SUMMARY

Thus, an improved image sensing device and a method for fabricating the same capable of preventing disconnection of interconnects and reducing CTE mismatch between layers therein is desirable.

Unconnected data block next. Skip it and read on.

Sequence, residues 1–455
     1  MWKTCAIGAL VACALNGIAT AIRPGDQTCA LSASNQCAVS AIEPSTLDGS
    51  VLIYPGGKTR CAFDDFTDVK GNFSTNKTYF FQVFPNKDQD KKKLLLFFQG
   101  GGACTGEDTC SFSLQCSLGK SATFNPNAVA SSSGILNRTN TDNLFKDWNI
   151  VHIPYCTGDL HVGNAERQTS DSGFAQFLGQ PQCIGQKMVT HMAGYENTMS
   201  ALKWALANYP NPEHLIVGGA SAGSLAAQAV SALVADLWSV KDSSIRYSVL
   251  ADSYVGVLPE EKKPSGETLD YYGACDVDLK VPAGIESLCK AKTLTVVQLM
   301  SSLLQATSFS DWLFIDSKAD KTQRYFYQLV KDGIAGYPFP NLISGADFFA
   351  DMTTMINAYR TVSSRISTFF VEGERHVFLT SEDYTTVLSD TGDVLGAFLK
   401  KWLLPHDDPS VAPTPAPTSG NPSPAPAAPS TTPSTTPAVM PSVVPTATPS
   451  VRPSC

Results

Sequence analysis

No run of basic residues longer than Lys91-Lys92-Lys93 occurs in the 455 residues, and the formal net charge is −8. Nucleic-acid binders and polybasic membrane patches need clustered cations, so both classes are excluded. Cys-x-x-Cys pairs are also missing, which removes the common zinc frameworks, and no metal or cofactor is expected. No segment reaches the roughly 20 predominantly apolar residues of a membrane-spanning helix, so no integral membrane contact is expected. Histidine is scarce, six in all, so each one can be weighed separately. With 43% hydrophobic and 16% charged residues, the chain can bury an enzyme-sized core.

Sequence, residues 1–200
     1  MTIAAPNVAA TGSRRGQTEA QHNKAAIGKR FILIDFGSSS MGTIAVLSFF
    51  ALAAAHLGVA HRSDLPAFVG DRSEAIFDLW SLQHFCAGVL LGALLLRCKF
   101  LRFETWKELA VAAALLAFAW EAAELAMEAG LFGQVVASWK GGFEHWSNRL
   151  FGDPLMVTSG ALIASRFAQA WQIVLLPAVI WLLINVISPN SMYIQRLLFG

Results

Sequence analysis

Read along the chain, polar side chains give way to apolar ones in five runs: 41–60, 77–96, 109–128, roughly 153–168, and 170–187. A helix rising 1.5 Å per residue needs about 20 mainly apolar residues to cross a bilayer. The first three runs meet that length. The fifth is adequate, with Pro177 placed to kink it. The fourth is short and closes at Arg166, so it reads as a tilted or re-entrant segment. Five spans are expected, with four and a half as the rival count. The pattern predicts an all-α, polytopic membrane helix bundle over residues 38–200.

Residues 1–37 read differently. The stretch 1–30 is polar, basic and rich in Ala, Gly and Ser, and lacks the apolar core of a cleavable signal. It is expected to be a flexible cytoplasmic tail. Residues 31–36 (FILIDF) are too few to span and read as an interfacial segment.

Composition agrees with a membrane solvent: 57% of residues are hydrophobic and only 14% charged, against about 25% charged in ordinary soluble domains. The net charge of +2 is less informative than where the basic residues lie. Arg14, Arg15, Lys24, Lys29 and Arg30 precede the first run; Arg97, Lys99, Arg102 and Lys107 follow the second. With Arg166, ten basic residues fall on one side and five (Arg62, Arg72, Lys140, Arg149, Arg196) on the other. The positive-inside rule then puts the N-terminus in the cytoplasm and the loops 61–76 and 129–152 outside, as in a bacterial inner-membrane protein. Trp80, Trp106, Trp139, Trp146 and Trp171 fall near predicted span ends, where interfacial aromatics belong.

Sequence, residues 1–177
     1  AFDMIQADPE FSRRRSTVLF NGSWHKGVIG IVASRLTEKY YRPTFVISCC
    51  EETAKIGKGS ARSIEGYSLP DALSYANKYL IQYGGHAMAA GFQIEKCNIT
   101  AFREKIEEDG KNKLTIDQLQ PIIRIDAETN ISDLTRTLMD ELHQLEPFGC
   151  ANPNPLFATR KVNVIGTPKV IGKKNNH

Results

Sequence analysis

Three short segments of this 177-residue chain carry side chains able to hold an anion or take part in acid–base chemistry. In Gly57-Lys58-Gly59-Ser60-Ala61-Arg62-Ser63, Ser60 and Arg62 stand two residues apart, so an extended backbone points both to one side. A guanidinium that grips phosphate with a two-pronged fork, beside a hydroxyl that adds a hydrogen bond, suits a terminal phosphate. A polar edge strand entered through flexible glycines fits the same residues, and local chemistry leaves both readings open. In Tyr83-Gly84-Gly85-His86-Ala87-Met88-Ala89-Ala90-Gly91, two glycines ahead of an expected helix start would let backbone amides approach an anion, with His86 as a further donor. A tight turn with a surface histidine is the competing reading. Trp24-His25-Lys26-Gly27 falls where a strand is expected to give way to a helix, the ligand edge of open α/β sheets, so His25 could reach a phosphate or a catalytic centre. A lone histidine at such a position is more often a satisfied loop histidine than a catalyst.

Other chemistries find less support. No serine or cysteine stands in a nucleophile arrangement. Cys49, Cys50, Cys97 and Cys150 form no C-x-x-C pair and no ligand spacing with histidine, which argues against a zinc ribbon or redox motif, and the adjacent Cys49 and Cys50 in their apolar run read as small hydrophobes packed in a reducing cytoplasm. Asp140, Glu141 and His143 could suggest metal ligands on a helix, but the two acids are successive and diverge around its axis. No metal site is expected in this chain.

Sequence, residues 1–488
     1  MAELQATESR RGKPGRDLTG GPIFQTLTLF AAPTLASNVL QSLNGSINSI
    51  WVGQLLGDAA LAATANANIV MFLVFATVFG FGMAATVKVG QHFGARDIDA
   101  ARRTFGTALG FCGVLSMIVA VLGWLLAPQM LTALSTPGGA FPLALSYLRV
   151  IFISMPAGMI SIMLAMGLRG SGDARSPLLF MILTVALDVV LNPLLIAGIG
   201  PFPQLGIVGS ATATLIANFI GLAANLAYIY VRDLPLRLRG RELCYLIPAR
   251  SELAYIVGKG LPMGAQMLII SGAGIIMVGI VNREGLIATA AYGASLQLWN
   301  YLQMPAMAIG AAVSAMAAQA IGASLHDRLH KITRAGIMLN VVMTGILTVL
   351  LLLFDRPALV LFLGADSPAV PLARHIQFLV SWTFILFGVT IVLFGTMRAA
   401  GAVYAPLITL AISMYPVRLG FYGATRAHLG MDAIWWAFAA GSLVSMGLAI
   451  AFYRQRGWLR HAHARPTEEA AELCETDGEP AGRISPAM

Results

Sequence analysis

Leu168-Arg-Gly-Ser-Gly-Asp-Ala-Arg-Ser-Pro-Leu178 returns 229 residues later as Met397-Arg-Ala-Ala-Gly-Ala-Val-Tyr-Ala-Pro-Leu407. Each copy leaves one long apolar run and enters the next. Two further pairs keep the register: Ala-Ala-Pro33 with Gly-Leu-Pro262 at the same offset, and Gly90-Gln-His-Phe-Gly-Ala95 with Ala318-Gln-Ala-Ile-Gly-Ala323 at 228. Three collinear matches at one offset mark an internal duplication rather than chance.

An exemplary embodiment of an image sensing device comprises a first substrate having a first side and a second side opposing each other. A plurality of image sensing elements is formed in the first substrate at the first side. A conductive via is formed through the first substrate, having a first surface exposed by the first substrate at the first side and a second surface exposed by the first substrate at the second side. A conductive pad is formed over portions of the first substrate at the first side and overlies the conductive via and is electrically connected with the image sensing elements. A conductive layer is formed over portions of the first substrate at the second side thereof and overlies the conductive via and electrically connecting the conductive pad. A conductive bump is formed over a portion of the conductive layer. A second substrate is bonded with the first substrate at the first side, wherein the second substrate is formed with a recess therein and thereby forms a cavity between the first and the second substrates.